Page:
Making our first indie game - Wats! VR Pest Control
Update: This blog managed to get featured on Gamasutra, Woohoo that's awesome! - https://www.gamasutra.com/blogs/LorcanMcGarryHunt/20180611/319676/Making_our_first_indie_game__Wats_VR_Pest_Control.php
Lorcan here - the 50% of Birdmask that is programming and 3D art. Having just launched our first game Wats! Vr Pest Control onto the store, there is finally a bit of time, so I thought I would do a write-up to share our experience, as a 2 person startup, of getting a game developed, published and on the Gear marketplace.
Wats began development about ten months ago. I had just completed a BA in Computer Games Arts at UCA, Farnham, and been offered a place on an incubator program that supports post- grads releasing their first game, in exchange for some hours each week as a teaching assistant.
Jo had completed a fine art degree at CSM, and having used game engine technology as part of her degree-show, she was keen to collaborate on a project. Initially her involvement was as a casual consultant, but as I hit problems with design and scope, she stepped in to a full designer role, as well as handling all the online and launching stuff.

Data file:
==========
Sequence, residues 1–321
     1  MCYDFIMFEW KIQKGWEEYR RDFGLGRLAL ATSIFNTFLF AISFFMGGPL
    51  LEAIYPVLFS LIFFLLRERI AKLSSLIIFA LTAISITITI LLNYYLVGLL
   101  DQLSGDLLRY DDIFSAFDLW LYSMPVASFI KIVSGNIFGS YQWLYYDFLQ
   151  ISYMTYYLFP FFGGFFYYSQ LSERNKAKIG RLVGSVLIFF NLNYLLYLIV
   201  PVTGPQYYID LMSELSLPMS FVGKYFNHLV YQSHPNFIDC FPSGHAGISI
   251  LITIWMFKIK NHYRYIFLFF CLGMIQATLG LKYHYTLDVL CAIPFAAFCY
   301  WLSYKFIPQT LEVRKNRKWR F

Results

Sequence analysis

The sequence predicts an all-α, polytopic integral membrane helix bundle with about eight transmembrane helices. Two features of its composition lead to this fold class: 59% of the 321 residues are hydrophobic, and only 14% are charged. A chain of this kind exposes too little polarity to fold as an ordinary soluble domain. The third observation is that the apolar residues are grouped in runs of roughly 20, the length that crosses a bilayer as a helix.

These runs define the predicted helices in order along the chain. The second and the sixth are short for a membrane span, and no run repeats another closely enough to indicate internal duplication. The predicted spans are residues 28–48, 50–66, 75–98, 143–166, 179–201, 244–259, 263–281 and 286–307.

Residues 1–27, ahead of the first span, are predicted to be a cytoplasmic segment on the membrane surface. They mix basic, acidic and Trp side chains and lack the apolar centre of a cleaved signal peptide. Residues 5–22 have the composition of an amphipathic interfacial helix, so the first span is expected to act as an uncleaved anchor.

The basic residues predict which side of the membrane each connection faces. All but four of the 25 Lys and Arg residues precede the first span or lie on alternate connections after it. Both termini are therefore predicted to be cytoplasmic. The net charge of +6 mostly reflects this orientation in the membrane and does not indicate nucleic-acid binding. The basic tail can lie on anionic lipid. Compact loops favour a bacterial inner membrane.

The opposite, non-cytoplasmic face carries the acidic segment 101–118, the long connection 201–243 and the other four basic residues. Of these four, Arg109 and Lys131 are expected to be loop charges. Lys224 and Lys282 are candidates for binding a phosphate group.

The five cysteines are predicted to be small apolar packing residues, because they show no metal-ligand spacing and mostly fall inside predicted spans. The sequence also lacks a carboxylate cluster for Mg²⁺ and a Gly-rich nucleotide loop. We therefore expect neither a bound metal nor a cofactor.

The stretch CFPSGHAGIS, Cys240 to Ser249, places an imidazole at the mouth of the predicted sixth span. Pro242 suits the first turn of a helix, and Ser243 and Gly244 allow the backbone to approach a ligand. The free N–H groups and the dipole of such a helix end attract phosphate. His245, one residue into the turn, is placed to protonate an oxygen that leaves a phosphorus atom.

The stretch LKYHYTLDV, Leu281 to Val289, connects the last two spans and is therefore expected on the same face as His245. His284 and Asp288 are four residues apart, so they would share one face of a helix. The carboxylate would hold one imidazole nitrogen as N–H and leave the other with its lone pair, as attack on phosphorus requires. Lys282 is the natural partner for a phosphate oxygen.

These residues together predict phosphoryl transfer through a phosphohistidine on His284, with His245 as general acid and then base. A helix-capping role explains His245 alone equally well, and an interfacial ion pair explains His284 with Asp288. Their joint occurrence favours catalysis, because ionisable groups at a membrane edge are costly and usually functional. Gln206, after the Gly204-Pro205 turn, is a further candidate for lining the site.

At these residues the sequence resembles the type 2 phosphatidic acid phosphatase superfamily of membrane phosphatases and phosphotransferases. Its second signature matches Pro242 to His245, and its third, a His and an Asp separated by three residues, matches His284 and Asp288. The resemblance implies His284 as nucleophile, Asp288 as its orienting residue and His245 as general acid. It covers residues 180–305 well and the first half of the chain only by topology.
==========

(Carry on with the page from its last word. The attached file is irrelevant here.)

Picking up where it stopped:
As a student I had worked with the HTC Vive and, by chance, around this time mobile VR, like the Gear and Daydream, were just getting motion controller support. I was interested in the possibilities of mobile VR, plus being lower in price and more convenient to use I thought they had the potential for a bigger audience than their PC counterparts.
As I had to replace my very tired iPhone anyway, I decided to invest in a Gear VR headset and a Samsung phone. While I knew developing a game for relatively new tech would involve some extra difficulty in development, I had high hopes it would payoff as being a good way to get some extra visibility for a new studio in a emerging marketplace.